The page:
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IRS warns of potential surge in fake CEO phishing scam

Phishing hook sad fish out of water

With the official start of the 2018 tax filing season just more than a week away, folks have been collecting important tax statements they'll need to file their returns.

Identity thieves, unfortunately, are among those looking for those documents, particularly W-2 forms that most filers use to report their wage income.

That's why the Internal Revenue Service is urging everyone to be on guard against the return of the Form W-2 phishing scam that last year made victims of hundreds of organizations and thousands of employees.

Costly employment-related tax scam: The W-2 scam has emerged as one of the most dangerous phishing emails in the tax community, says the IRS.

In 2017, reports from victims or those who were targets of the scam to jumped to approximately 900, nine times the number of reports to the IRS about this tax statement scam in 2016.

On the company side, more than 200 employers were victimized. That translate into hundreds of thousands of employees who had their identities compromised, says the IRS.

During the last two tax seasons, payroll personnel or people with access to payroll information were primary targets. In these con cases, the W-2 data overseers were tricked into disclosing sensitive information for entire work forces.

And scammers were able to get this workplace data — which is everything need to commit tax identity theft and fraudulent return filing — from all types of employers, ranging from small and large businesses, public schools, universities, hospitals, tribal governments and charities.

Even a major league sports franchise fell victim. In 2016, the National Basketball Association's Milwaukee Bucks had its tax data stolen in phishing scam. The data lost to the crooks included that of rank-and-file employees of the NBA team to that from the franchise's multimillionaire players.

The scam reappeared with a vengeance in early 2017, with cybercriminals sending out fake emails that appeared to come from companies' top executives.

Fake executive tax scam: The crooks pose as the boss ask payroll or personnel department employees to send him/her all the tax data on his/her workers.

In defense of those who fall/fell for the scam, there are few among us who would say no to the head of the company.

Here are the details, as gathered over the years by the IRS, as to how the scam works.

Cybercriminals do their homework, identifying chief operating officers, school executives or others in positions of authority.

Using a technique known as business email compromise (BEC) or business email spoofing (BES), fraudsters posing as executives send emails to payroll personnel requesting copies of Forms W-2 for all employees.

The Form W-2 contains the employee's name, address, Social Security number, income and withholding amounts. Criminals use that information to file fraudulent tax returns, or they post it for sale on the Dark Net.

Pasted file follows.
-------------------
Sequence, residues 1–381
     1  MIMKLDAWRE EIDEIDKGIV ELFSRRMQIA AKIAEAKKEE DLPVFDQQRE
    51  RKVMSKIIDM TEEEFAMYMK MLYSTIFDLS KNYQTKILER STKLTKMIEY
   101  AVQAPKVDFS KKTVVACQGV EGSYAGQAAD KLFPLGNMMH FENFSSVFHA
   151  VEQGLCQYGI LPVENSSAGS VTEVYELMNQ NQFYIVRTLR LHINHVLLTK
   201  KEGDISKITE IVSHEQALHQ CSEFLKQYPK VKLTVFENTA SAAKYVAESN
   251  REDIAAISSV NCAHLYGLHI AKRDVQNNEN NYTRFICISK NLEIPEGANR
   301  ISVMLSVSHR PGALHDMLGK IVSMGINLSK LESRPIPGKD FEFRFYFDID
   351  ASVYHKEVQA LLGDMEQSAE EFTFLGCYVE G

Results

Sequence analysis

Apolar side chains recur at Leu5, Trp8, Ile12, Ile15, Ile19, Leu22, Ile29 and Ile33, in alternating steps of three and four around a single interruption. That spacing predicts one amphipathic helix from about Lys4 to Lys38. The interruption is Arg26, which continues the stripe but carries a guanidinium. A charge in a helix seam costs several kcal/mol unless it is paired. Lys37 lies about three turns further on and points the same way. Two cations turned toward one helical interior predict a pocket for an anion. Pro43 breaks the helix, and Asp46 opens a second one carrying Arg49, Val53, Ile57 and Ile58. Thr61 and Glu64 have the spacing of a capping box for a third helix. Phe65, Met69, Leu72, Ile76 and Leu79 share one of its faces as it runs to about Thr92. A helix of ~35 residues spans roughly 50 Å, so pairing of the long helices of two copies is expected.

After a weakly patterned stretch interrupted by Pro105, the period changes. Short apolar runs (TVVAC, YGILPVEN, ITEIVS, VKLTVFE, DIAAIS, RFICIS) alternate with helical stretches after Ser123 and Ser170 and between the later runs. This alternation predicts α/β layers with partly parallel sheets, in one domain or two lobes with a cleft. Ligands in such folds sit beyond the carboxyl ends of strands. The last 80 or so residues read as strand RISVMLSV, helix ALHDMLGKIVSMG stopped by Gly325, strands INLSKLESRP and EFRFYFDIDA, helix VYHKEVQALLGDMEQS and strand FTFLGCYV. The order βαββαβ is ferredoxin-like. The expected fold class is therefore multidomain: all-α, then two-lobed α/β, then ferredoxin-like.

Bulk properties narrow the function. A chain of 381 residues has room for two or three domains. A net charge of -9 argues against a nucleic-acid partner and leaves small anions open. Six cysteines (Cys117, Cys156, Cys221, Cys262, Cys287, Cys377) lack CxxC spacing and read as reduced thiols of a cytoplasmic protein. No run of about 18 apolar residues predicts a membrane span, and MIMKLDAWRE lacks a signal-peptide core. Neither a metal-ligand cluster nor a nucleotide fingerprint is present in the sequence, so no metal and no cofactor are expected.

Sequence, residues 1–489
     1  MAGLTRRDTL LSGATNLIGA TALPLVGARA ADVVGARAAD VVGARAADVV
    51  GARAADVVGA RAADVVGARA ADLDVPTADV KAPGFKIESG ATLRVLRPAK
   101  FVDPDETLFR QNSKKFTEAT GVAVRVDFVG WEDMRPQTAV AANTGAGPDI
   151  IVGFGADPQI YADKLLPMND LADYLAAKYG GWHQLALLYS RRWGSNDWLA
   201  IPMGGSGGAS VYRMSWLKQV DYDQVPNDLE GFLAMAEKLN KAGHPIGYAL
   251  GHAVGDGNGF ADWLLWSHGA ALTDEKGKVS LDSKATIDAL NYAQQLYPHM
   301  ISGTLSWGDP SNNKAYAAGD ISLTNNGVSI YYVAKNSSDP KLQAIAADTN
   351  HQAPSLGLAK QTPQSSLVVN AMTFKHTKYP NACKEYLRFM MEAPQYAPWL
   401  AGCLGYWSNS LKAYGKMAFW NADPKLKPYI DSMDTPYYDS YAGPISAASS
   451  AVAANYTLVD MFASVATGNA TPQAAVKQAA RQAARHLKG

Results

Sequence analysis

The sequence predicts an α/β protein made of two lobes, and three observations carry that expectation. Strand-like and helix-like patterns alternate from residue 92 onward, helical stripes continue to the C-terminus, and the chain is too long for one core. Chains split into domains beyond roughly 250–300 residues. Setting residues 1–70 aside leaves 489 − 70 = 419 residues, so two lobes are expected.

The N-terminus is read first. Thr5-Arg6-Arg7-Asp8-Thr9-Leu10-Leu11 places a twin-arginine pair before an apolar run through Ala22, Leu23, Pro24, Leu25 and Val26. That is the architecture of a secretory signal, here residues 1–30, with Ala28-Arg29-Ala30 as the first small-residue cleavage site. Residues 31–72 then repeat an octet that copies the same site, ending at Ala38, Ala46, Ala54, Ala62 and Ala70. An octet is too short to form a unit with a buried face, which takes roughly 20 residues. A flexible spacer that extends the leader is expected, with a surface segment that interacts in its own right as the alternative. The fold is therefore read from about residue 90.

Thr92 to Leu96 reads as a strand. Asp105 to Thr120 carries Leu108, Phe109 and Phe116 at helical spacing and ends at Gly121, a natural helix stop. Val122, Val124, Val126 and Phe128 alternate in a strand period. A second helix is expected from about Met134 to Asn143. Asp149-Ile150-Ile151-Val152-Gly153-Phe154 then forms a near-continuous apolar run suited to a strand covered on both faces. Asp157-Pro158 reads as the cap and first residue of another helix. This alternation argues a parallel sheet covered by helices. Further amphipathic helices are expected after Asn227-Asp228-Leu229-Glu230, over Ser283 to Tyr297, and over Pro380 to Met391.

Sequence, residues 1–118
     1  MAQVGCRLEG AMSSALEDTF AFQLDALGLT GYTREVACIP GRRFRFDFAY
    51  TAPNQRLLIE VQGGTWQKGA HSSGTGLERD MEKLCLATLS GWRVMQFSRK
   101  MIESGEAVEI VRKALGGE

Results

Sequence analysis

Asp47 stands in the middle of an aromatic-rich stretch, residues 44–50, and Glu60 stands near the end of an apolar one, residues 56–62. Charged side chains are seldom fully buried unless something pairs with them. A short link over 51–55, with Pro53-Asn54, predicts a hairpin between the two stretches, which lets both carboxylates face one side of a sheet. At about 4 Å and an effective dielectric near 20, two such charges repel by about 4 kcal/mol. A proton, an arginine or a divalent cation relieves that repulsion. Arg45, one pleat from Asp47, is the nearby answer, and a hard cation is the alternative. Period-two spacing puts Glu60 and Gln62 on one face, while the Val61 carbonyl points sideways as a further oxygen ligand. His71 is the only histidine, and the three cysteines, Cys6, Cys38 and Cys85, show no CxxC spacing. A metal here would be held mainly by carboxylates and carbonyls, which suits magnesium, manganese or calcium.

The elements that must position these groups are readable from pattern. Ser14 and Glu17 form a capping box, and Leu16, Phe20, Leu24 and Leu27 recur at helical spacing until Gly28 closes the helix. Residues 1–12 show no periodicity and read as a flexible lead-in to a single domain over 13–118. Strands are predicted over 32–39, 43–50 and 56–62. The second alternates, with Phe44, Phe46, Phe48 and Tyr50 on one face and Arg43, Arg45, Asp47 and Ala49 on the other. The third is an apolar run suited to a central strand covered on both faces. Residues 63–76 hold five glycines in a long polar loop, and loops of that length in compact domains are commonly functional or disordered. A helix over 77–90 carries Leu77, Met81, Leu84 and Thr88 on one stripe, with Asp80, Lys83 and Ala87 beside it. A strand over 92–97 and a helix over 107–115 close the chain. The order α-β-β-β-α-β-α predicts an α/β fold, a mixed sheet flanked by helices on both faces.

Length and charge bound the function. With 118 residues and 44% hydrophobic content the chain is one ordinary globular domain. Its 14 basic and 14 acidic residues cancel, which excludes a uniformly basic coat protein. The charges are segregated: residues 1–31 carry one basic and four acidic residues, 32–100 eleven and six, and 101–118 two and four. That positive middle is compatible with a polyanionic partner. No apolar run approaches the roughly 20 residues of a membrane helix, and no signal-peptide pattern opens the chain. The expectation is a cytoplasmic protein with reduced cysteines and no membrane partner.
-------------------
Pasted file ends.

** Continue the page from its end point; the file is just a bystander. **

The initial email may be a friendly, "hi, are you working today" exchange before the fraudster asks for all Form W-2 information.

In several reported cases, after the fraudsters acquired the workforce information, they immediately followed that up with a request for a wire transfer.

Avoiding the scam: To stop or at least limit the amount of this fake W-2 phishing this year, the IRS is alerting taxpayers and working to educate company payroll or finance personnel.

The IRS and its Security Summit partners urge employers to consider creating a policy to limit the number of employees who have authority to handle Form W-2 requests.

Companies also should require additional verification procedures to validate the actual request before emailing sensitive data such as employee Form W-2s.

Cleaning up afterwards: If the business or organization victimized by these attacks notifies the IRS, the agency says it can take steps to help prevent employees from being victims of tax-related identity theft.

However, because of the nature of these scams, some businesses and organizations did not realize for days, weeks or months that they had been scammed. 

Still, as soon as you realize your company has been compromised, use the IRS' special email notification address to notify the agency of Form W-2 data thefts. Be prepared to provide the IRS:

  • Contact information, including
    • Business name
    • Business employer identification number (EIN) associated with the data loss
    • Contact name
    • Contact phone number
    • Summary of how the data loss occurred
    • Volume of employees impacted
  • Type "W2 Data Loss" in your reporting email subject line so that the email can be routed properly.
  • Do not attach any employee personally identifiable information data.

If your business gets the W-2 phishing email, but your payroll staff doesn't fall for it, send the full email headers to and use "W2 Scam" in the subject line.

What victimized workers can do: If a worker's data is compromised via the W-2 con or any other type of tax ID scam, there are steps you can take.

Place a free 90-day fraud alert on your credit reports by contacting any one of the three nationwide credit reporting companies online or through their toll-free numbers. The bureau you contact must tell the other two.

File a complaint with the Federal Trade Commission. The FTC has more guidance at its What To Do Right Away web page.

If you discover a crook using your tax info beat you to filing your return, the IRS' special identity theft victims' assistance web page details the steps you should take.

And all of us, employers and employees alike, need to stay alert. Cybercriminal scams constantly evolve.

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